Goldman Sachs is asking $30 million for a firm that, 14 years ago, it purchased for $6500 million ($6.5 billion).
The story (sort of) starts 222 years ago.
Wall Street was where our first Congress met, where Alexander Hamilton lived (several blocks from Aaron Burr’s home), and where the new nation’s financiers congregated. Gathering at coffeehouses or under the buttonwood tree in front of 68-70 Wall Street, these gentlemen traded bonds issued by the new government and an assortment of other commodities.
As their trades multiplied, a more formal auction evolved in which buyers no longer needed to identify the sellers. They just needed the people in the middle who could match them. Specializing in certain securities, the middle men (and yes, they were men) bought, sold and priced the stock for specific companies.
Called specialists, the 19th and 20th century descendants of the men who traded under the buttonwood tree, were supposed to “make” orderly markets in which prices eased up and down. If there were insufficient buyers, then the specialists would take their place. And no, they were not doing every one a favor when they maintained orderly markets. they too expected to make a profit.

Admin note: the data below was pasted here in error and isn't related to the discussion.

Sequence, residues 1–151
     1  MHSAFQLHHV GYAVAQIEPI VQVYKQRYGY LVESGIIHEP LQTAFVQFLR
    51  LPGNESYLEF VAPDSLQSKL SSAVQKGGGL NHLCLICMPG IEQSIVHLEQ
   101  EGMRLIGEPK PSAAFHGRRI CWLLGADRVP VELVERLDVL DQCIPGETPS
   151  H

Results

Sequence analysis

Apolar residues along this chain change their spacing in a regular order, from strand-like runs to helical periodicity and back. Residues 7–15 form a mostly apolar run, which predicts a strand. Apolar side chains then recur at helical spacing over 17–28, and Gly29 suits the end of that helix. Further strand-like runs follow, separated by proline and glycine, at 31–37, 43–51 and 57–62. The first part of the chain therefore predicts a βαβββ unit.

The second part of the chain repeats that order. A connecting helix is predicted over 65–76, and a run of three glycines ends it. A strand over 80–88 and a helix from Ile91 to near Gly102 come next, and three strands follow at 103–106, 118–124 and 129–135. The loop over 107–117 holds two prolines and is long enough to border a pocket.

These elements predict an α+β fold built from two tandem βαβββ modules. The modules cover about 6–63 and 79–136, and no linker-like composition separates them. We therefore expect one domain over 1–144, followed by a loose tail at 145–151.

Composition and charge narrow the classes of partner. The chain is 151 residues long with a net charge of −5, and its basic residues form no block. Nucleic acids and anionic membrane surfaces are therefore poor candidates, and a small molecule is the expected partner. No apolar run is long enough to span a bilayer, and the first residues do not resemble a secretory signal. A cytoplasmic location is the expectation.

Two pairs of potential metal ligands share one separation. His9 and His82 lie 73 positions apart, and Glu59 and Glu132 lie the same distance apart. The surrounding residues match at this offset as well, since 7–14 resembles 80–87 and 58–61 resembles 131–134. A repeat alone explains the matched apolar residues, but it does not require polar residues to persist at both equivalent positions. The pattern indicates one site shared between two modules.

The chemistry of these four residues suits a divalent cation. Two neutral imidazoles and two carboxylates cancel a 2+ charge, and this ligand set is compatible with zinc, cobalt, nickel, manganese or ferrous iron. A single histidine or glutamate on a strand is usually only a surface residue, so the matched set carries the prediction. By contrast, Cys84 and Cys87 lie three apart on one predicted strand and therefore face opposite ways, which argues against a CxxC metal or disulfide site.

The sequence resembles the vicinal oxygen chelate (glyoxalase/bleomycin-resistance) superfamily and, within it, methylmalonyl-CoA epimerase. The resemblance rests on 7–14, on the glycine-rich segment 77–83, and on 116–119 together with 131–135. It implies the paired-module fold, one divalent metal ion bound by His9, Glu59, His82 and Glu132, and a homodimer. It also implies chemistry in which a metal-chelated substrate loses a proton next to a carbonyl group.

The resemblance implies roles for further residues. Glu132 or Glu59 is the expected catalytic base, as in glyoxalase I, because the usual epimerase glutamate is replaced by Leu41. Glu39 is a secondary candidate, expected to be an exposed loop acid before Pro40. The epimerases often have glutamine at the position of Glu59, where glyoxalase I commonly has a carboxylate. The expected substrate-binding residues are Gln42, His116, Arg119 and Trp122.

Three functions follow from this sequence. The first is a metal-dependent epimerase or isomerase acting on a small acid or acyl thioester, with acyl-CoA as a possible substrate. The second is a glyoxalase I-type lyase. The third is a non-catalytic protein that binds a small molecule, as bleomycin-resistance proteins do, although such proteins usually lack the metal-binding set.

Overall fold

I can recall visiting the NYSE not so long ago when we could see “trading posts” on the floor where the specialists (now called market makers) were based. Go to one post and you could buy IBM, another might trade General Motors, and a third Johnson and Johnson or GE. Today, those trading posts are still there but they are no longer the vortex of NYSE trading. Computerized trading means we really do not need people to match buyers and sellers in stock markets. Nor perhaps do we even need market makers who determine appropriate prices.
And that returns us to Goldman Sachs. They had purchased Spear, Leeds & Kellogg for $6.5 billion because they were market makers and executed trades. Now, though, as technology has pretty much replaced what they do, the value of Spear, Leeds has plunged to $30 million and maybe less.
Our bottom line? We need financial markets so that firms can raise money, individuals can invest savings, governments can borrow…the list could be endless. Whether human or computerized, dependability, integrity and liquidity have been essential.
One of many that were on the floor of the New York Stock Exchange before “electronics” arrived, this is trading post #12 where Applied Digital Data, Union Camp, and the Sweets Co. Of America traded.
A detail that shows the share prices more clearly:
Sources and Resources: Providing some history, the NY Times just reported that Goldman wants to sell Spear, Leeds & Kellogg but for more detail and the source of an excerpted paragraph above, my book, Econ 101 1/2 tells the whole story. It was tough to find a good historic picture of the NYSE so I finally used a trading post that was given to the University of Chicago.